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Denver Watercolor Class Teacher Dennis Pendleton

High Key Painting

Watercolor Painting by Dennis Pendleton. I thought it would be interesting to show one of my plein air paintings plus a picture of my subject (see below). This was painted on a sunny day in my Taos Watercolor Workshop and my main interest was capturing the famous Taos sunlight. To accomplish this, I decided to do a high key painting where I only used light and middle values. In the photograph you can see how dark and uninteresting the shadows and cast shadows are while in my painting they are full of color. The camera is a helpful tool but it usually does not record the reflected color that you see in shadows and cast shadows when painting on location.


What an artist leaves out is often just as important as what he or she includes and I left out a lot of the weeds, branches and other clutter along the fence and adobe wall. I wanted the fence to lead the viewers eye across the foreground to the adobe wall and along the wall to the gate and all the clutter I mentioned would have prevented this. This zig zag composition is one I enjoy using in landscapes because it moves the viewer through the painting without being to obvious.


Another decision I made was to lighten the tree leaves with a spring green because I thought the original dark greens were to heavy for a high key painting and I also wanted more of the sky poking through the leaves. It is hard enough trying to capture what I am seeing on a little piece of watercolor paper and I am always looking for little changes that might improve my painting.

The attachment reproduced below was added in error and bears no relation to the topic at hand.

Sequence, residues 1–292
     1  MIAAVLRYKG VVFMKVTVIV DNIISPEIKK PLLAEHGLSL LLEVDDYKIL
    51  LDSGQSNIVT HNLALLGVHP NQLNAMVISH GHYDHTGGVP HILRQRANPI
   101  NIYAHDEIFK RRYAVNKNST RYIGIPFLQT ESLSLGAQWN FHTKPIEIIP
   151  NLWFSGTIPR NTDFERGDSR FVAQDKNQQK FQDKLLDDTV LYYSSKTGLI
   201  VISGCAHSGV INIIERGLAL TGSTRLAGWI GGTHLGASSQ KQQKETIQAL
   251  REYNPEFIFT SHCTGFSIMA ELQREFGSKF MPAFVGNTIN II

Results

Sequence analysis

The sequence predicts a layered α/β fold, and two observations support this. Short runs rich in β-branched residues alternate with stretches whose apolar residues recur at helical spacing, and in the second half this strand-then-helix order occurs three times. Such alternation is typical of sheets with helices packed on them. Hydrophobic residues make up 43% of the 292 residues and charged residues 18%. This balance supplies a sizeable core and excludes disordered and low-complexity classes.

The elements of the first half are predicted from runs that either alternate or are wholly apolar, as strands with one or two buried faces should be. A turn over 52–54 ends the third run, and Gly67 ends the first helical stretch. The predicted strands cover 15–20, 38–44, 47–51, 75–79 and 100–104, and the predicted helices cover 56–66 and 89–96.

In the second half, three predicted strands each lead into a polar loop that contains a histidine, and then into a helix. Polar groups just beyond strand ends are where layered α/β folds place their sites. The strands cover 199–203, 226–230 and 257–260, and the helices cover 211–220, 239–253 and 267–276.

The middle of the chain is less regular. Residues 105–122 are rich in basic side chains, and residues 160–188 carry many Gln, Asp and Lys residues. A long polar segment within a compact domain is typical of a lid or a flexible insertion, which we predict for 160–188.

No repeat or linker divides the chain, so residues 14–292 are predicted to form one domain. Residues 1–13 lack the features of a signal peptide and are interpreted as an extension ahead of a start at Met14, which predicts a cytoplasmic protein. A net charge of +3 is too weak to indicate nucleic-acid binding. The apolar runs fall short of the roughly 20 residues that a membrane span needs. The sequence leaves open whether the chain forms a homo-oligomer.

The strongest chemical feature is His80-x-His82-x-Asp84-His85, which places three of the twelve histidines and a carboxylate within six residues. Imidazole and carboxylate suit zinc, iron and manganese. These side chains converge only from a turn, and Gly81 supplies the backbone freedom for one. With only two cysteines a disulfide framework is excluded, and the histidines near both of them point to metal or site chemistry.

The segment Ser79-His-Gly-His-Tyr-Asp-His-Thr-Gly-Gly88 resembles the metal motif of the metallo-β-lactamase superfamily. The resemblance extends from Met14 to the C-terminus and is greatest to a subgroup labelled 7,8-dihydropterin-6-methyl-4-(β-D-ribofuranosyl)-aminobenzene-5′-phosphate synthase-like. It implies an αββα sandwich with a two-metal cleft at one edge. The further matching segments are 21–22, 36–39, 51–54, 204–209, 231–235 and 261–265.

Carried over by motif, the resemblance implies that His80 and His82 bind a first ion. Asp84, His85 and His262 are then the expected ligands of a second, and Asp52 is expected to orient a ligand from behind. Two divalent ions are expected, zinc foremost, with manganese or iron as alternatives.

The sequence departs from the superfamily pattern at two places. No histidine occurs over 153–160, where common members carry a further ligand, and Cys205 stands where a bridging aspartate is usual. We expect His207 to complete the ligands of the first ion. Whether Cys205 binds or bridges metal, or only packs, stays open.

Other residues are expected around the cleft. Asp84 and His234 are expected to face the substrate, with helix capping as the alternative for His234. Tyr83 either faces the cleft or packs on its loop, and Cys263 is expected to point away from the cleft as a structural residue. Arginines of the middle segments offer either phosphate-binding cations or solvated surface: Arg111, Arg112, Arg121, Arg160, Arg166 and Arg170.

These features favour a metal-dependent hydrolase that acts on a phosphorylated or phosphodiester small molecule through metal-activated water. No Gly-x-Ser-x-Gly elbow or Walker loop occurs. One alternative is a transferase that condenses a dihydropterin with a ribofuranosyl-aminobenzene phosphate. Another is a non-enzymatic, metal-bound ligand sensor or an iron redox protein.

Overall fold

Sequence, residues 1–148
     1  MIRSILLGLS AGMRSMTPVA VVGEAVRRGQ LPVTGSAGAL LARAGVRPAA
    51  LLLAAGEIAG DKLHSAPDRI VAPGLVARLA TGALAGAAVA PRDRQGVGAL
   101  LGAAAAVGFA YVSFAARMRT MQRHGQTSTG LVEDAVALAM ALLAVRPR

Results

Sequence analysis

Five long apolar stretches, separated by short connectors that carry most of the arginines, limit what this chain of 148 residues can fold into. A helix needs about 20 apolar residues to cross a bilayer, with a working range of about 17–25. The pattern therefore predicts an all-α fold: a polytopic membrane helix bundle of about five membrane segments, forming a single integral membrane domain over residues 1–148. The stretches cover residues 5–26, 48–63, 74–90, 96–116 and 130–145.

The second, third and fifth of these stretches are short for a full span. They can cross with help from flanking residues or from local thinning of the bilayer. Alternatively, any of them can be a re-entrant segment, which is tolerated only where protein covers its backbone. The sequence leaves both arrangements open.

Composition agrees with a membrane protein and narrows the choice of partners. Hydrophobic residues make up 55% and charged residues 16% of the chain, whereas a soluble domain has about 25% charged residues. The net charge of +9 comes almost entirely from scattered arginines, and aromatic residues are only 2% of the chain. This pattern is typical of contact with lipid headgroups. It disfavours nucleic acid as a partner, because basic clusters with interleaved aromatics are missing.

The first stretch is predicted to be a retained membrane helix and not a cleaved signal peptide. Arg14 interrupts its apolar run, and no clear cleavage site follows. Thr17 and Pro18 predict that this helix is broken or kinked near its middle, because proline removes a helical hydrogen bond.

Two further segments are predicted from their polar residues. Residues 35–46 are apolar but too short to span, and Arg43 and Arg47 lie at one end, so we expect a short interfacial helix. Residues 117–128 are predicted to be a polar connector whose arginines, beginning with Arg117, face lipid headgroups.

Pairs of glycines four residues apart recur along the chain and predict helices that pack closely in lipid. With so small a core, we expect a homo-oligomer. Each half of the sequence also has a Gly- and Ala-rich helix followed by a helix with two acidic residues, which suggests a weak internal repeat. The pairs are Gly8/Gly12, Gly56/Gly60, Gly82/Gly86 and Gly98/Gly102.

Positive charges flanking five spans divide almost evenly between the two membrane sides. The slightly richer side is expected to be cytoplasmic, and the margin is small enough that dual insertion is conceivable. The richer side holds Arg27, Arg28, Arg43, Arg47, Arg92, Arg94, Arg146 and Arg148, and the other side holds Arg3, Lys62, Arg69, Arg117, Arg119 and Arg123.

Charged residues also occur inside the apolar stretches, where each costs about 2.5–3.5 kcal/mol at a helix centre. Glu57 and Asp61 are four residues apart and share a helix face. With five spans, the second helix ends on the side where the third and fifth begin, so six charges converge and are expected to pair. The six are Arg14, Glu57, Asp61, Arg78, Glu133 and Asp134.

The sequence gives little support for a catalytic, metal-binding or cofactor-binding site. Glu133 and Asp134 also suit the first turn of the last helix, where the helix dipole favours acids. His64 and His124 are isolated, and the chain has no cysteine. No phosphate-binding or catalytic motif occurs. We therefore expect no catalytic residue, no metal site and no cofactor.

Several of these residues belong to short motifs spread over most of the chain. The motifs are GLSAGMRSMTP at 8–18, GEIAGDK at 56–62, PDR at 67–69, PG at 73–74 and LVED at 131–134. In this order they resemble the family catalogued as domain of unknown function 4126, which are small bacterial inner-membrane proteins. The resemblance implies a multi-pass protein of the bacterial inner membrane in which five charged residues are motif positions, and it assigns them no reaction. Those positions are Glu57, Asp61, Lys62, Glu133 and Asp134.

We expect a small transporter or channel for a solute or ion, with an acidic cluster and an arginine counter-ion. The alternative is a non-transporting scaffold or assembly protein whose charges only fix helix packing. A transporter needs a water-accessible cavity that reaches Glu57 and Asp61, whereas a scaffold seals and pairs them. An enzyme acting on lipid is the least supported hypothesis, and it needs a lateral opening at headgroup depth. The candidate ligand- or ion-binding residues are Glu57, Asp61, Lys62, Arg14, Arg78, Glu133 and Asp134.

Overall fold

For the adobe wall and building, I used a mixture of yellow ochre and cobalt violet and the ground is the same with the addition of a little cerulean blue. The tree leaves are lemon yellow plus cerulean blue and the trunks were painted with burnt sienna and French ultramarine blue. The sky is cerulean blue and the windows are a darker version of the same. The mailbox is cadmium red and the grass along the wall and building is olive green plus lemon yellow. In a few weeks I will be heading to Taos for my annual workshop and I think I will visit this location to see if it would be another interesting subject. Happy Painting! Dennis Pendleton



Watercolor Artist's Blog by Dennis Pendleton

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